I did a bit of research on using ear clips with a TENS device. It shouldn’t be used if you have a history of cardiovascular problems, electrical heart implants, cochlear ear implants, trauma to the ear, open sores, facial or ear pain and the list keeps growing.

    The scientists/doctors who do research on this have long exclusionary lists of conditions that can’t participate in research. I also read you have to keep the TENS at a specific frequency or it can be problematic. I personally don’t like the concept of altering any medical device. 

    I’ve been told never to place TENS pads on or near the the head, the proximity to the ears sends red flags to me, especially for a DIY project. 

    Do what you feel comfortable with, then. I did months of research and was supremely careful when setting this up. I have continuous HR monitoring but I’ve never had an issue with low HR. 

    I'd never put the usual TENS electrodes above the neck. The ear clips and use of specific Hz and pulse width makes this a totally different animal. I’ve been using it for a long with no ill effects, just positive ones. The TENS needs to stay at a particular frequency no matter what you’re using it for, unless you’re doing some odd variable therapy I’ve never heard of. I did not alter the device one bit - I am using TENS ear clips. Just trying to help - I got most of my information to start with right here and I was very grateful for it.

  8. 12 hours ago, Delta said:


    For me, definitely getting enough sleep and not waiting too long between meals, even if they're just small meals. 

    Sleep! Not much helps as much as sleep does, but I rarely get nearly enough.


    For me, I do better when I don’t eat, unless I’m really hungry, which is not common. If I’m hungry, I’d better eat, but if not, I will usually regret it.

  9. 23 hours ago, p8d said:

    @RecipeForDisasterwhich transvagal device do you use? If you can’t public ally say can you please send me a message? I am interested in one that’s only available in countries outside the US and uses an ear clip. Thanks.

    For me with my AI linked/caused dysautonomia I use SCIG. It helps. It’s not a panacea but every little thing helps.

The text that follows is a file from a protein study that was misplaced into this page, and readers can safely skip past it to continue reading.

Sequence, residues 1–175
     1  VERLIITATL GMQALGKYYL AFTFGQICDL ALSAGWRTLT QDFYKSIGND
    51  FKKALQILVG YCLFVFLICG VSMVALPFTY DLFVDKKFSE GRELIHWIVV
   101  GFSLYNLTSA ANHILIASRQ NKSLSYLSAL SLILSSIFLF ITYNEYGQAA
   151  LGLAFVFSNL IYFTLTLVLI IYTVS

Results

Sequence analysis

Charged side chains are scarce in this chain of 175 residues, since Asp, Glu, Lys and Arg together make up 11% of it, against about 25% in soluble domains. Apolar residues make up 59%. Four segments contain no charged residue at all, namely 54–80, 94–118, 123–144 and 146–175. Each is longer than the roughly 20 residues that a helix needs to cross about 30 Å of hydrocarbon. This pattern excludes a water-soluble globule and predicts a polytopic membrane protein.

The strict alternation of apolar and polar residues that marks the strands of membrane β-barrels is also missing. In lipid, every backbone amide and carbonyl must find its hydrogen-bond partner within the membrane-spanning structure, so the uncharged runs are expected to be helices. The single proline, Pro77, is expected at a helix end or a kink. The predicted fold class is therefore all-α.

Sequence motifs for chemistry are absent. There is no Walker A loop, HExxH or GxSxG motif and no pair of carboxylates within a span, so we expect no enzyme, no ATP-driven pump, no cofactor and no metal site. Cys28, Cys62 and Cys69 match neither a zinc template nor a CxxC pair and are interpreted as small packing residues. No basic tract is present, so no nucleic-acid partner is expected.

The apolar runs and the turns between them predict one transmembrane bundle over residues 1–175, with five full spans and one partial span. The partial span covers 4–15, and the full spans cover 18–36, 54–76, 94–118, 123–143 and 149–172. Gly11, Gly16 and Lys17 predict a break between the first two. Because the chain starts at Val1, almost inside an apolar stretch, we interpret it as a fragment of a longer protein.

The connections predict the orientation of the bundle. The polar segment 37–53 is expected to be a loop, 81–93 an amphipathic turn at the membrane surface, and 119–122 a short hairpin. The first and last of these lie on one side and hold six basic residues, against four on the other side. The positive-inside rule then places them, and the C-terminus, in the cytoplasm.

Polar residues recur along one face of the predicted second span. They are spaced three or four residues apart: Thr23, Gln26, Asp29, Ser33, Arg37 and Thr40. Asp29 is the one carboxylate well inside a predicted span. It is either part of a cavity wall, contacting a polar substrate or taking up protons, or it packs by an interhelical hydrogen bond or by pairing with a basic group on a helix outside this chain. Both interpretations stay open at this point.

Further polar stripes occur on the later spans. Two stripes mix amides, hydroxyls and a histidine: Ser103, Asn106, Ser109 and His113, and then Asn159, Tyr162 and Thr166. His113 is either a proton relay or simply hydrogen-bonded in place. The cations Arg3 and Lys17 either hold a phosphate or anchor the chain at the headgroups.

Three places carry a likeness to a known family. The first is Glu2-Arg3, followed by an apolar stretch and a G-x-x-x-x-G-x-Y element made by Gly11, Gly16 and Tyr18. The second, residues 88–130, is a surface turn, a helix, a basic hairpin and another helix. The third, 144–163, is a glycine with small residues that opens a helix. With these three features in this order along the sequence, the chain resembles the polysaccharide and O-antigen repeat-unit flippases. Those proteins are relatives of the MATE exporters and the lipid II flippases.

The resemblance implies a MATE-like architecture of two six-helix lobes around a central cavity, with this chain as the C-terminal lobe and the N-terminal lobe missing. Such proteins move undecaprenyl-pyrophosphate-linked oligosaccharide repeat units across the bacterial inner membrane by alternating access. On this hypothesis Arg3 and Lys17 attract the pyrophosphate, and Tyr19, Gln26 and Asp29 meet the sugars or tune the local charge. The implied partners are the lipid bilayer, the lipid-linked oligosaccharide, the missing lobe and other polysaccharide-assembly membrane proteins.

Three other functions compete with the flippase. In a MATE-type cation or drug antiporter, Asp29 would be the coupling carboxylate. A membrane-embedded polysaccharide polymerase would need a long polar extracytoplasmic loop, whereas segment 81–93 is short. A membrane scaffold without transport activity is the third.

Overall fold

I also find a few minutes (5-10) of light aerobic exercise helps on the days I am rather (as opposed to terribly) fatigued helps. If I am terribly fatigued I take a rest day entirely.


    I made my own using a TENS device and an ear clip! There are tutorials online or I can help. It’s similar to the one you can’t get in the US. 

    Oh, and exercise is a definite - I forgot that one. It helps some things and hurts others, but I wouldn’t be without it.

  10. I can’t hold the bag up for very long at all to even go up or down the stairs - I thought about getting a pole for each level of the house. It rolls really poorly in my house anyway and I carry it most everywhere. I do hang it in the bathroom when I’m in there, but I would really like to go out on little car trips (it doesn’t work - the bag can’t be hung high enough) and even walk. 

    We are looking at using a pressure infuser bag to mimic gravity inside a backpack. I hope it will work!

  11. When I use IV fluids, I’m hooked for many hours. I have 3 levels in my house, uneven ground outside, and a lot of trouble managing trying to keep the pole rolling all over the place through my entire waking time. I can’t get a pump from my infusion company because I don’t use the fluids consistently enough. I don’t really blame them - the pump is quite expensive. So, I have to have the bag above my arm and upright.